For best results when planting gladiolus, gardeners should choose plants carefully, stagger planting times, and provide plenty of water with adequate drainage. Gladiolus plants grow from structures similar to bulbs, called corms. The quality of a corm is the key to producing strong gladiolus plants with brightly colored blooms. For best results, gardeners should buy corms that are not soft, crumbling, or bruised. Corms that are at least 0.25 inches (6.35 mm) across the thickest part will be more likely to produce blooms.
Using staggered timing when planting gladiolus will lead to enjoyment of flowers throughout the blooming season. To use this staggered approach to planting gladiolus, a gardener can plant groups of corms multiple times several days apart, beginning in late spring. As an alternative to multiple planting times, gardeners could choose to use a variety of cultivars that will bloom at different points in the season.
Whether planted in a garden bed or in a container, gladiolus corms will require frequent watering but must avoid become soggy. The top layer of soil should be loosened when planting gladiolus in order to facilitate sufficient drainage. Gardeners should provide a minimum of 1 inch (2.5 cm) of water on a weekly basis for best results. When planting gladiolus in a container garden, use several corms together. It is essential to use a container with built-in holes for proper drainage and ensure that the container receives full sun.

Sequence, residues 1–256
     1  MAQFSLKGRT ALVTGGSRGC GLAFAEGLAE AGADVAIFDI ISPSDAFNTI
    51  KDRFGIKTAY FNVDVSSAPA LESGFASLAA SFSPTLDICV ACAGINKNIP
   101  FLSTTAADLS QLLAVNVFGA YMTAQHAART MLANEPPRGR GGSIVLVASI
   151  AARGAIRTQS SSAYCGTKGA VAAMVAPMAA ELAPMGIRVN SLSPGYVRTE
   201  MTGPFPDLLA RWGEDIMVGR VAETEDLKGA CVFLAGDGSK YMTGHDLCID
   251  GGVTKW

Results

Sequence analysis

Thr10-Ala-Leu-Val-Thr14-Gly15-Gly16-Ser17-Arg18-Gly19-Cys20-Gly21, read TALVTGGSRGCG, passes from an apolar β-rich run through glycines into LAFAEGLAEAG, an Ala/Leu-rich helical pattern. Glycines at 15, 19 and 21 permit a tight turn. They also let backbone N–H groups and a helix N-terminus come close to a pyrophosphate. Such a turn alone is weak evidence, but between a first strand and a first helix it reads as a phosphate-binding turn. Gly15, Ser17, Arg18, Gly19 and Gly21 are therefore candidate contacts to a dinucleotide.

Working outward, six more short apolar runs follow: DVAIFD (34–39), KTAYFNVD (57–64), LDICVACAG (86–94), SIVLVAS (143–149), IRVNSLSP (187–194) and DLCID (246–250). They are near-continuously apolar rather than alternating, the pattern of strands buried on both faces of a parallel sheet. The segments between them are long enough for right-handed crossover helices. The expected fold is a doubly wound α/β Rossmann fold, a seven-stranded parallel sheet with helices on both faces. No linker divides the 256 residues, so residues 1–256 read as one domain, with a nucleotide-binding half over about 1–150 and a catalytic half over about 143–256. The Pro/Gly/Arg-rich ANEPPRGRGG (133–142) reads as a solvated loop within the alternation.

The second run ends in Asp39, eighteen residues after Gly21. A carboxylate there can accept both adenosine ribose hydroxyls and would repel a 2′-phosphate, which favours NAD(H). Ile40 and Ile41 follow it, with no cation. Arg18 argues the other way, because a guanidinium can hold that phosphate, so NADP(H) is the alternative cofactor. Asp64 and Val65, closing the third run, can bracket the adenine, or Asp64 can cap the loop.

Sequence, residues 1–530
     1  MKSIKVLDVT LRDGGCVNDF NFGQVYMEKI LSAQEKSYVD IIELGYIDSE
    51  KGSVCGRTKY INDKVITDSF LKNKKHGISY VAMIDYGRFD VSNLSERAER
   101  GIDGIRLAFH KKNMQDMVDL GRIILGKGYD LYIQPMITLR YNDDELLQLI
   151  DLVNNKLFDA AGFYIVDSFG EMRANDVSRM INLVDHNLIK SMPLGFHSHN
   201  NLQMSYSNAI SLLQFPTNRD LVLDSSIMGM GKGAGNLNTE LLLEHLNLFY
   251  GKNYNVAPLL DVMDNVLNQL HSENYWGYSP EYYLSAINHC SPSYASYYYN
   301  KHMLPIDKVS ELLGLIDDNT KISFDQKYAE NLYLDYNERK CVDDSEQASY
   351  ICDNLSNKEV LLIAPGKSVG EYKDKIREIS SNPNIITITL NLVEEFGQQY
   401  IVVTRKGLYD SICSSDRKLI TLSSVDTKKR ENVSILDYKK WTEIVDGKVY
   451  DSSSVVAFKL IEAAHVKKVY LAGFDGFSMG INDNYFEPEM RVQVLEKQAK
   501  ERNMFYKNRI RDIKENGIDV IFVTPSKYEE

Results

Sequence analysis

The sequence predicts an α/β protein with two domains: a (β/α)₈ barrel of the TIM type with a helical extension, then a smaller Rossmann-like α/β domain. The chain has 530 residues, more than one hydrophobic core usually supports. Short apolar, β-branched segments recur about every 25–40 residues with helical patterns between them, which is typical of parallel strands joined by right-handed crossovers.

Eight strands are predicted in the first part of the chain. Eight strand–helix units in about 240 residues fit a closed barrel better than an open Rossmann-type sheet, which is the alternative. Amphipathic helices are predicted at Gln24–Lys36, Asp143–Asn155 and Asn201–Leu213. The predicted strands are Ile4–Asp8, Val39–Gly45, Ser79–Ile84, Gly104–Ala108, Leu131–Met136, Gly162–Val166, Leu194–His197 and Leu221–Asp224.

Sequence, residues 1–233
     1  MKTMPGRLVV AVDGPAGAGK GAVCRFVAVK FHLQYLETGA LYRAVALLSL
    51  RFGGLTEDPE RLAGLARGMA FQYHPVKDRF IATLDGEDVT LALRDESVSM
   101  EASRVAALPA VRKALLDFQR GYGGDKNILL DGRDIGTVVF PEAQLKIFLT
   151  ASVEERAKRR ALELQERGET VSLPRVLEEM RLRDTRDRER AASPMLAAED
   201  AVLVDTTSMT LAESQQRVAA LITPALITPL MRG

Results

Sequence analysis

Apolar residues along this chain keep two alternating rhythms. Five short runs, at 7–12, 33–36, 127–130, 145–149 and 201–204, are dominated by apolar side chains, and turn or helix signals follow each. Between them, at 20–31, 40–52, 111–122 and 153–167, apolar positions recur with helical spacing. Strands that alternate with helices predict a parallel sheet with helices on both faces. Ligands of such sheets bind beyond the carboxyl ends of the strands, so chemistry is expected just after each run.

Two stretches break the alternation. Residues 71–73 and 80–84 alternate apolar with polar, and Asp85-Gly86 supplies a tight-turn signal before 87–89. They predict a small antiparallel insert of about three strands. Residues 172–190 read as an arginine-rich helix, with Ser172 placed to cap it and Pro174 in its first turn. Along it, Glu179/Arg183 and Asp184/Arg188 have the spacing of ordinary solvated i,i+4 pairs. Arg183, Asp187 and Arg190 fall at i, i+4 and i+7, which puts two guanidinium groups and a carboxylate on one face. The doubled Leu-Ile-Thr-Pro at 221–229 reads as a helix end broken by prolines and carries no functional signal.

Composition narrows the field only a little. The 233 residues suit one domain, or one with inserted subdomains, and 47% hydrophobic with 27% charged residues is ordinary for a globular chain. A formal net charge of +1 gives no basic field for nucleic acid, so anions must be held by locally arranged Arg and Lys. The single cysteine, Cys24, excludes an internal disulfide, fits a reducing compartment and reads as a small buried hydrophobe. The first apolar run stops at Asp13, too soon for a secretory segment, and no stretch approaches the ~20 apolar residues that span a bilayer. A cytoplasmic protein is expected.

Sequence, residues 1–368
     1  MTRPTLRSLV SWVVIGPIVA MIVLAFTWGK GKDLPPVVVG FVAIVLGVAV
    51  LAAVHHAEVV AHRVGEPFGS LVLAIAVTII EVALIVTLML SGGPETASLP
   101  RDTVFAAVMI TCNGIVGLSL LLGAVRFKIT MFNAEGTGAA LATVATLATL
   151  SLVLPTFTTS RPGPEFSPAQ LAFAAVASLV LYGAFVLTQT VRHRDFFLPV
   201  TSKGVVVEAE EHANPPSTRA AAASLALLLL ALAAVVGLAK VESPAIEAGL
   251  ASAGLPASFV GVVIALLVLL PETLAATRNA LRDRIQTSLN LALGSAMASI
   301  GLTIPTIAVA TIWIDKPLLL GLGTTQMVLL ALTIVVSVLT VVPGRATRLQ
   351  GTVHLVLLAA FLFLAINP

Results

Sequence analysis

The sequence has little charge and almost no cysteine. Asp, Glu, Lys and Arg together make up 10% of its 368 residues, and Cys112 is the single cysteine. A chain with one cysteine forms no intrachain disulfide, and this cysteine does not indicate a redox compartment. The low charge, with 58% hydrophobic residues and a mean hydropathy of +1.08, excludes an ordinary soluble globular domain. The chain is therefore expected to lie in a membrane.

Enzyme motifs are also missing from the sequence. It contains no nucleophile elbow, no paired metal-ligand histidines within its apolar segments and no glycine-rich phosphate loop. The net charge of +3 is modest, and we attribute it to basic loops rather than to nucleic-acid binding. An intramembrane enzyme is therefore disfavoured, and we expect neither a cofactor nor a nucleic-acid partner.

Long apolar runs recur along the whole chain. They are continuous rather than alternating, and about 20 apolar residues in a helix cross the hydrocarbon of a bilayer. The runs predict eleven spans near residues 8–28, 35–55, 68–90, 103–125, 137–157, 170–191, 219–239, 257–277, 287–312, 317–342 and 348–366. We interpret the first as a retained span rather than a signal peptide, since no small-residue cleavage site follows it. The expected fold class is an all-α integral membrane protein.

Outdoors, plant gladiolus in a sunny spot, with the pointy side of the corm facing upward. The holes should be up to 6 inches (15 cm) deep, with this measurement increasing or decreasing relative to the size of the individual corm. Space the corms at least 2 inches (5 cm) apart. Planting gladiolus in a trench with multiple corms is also an acceptable approach, but a gardener who desires to grow gladiolus for the purpose of acquiring cut flowers will find it more convenient to plant the corms in accessible rows.
These perennials can be left to winter in the ground in warmer climates. For harsh winters, remove the corms and store them indoors. Some hardier species of gladiolus are intended to remain underground even in colder winter climates. Gardeners in colder climates could choose to simply replace the old corms annually with newly purchased ones, as if they were annuals.
Gladiolus is available in a wide variety of colors, including shades of red, purple, pink, white, and orange. There are also cultivars of gladiolus that are bi-colored. These perennials are thought to look best in a container with similar types of blooming plants, such as dahlias or lilies.